Facebook

I’ve repeated it again and again on this blog: your social media presence is a two-way conversation. Yet, many organizations are communicating in one direction only – broadcasting a message to their followers, without engaging with the content provided by those followers.

To reap the marketing benefits of social media, you must become a user of social media, not just a creator of content.

It’s easy enough on Twitter. You already follow those who follow you (and your partners, and your sponsors, and other like-minded organizations). All the tools to engage with these Twitter users are right at your fingertips – you can comment, like and retweet with a single click.

That is, if you are logged into your Twitter account and reading your Twitter feed regularly. If you’re logging into Twitter only to post your own content, you’re missing at least 50% of the experience.

The same principle is true for Instagram…with one exception. It’s more difficult to share the content of other users than it is on Twitter. To share another user’s Instagram post, you’ll need a free third-party application like “Repost for Instagram.” It’s cumbersome, but once you start using it you’ll find it to be invaluable.

Facebook is a bit trickier. If you manage a Facebook page, you’ll notice an option at the top right of your screen to use Facebook as “your name” or “your page.”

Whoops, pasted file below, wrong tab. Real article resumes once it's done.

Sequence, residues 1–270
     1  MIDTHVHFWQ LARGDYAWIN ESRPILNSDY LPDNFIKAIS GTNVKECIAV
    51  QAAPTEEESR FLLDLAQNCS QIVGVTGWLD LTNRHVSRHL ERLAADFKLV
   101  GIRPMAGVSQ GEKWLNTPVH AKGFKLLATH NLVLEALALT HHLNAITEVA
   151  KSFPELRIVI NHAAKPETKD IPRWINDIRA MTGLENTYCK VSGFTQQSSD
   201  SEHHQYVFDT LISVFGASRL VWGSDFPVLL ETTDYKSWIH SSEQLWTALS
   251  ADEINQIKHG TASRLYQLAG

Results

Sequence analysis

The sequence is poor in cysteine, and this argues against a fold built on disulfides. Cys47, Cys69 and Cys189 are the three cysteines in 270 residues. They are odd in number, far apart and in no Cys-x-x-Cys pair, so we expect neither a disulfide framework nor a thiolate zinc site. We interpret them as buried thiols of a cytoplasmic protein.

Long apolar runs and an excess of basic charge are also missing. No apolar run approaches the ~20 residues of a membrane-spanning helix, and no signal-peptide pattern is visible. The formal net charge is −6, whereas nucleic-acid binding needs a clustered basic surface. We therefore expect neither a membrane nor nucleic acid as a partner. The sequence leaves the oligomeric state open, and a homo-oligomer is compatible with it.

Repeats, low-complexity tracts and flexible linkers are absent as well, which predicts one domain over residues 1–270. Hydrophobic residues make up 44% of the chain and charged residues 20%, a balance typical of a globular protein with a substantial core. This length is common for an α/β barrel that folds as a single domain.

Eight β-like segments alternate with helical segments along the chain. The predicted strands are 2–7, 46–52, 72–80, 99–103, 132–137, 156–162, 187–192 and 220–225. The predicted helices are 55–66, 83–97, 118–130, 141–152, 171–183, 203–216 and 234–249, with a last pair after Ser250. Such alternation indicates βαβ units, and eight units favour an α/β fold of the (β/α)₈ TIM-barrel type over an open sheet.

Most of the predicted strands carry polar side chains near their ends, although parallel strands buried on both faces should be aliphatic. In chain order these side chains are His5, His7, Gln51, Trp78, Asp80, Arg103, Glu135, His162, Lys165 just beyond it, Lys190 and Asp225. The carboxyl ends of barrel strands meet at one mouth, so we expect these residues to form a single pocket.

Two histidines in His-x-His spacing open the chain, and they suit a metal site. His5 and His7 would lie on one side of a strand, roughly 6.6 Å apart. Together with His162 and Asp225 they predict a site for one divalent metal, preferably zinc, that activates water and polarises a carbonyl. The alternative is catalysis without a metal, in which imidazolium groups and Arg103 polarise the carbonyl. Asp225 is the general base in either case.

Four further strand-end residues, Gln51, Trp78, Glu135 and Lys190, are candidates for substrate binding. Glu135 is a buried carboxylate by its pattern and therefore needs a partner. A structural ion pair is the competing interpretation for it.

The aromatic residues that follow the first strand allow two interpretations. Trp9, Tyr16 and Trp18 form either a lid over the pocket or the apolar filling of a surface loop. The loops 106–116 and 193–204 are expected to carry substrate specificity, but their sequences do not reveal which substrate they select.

It is imperative that you use Facebook as your page at least once per day.

By engaging with your constituents as a user, you add legitimacy to your Facebook presence. Instead of just creating content, you’re fully invested in the experience.

Imagine two similar social service organizations. Both post on Facebook daily. Both create relevant content. Both are quick to respond when their fans comment on their posts.

But the manager of one of these organizations knows to toggle the button in the upper right-hand corner and “use Facebook as XYZ organization.” She finds other pages to follow (like-minded local organizations, similar organizations in other markets, donors, community partners, news organizations, etc.). She reads their posts and comments, likes and shares. She boots visibility for her own organization (and legitimacy of its mission) by engaging in the conversation happening on Facebook, and not just pushing out self-serving content.

That second organization gets it. It’s using the full power of Facebook, not just as a marketing tool, but as a communication platform.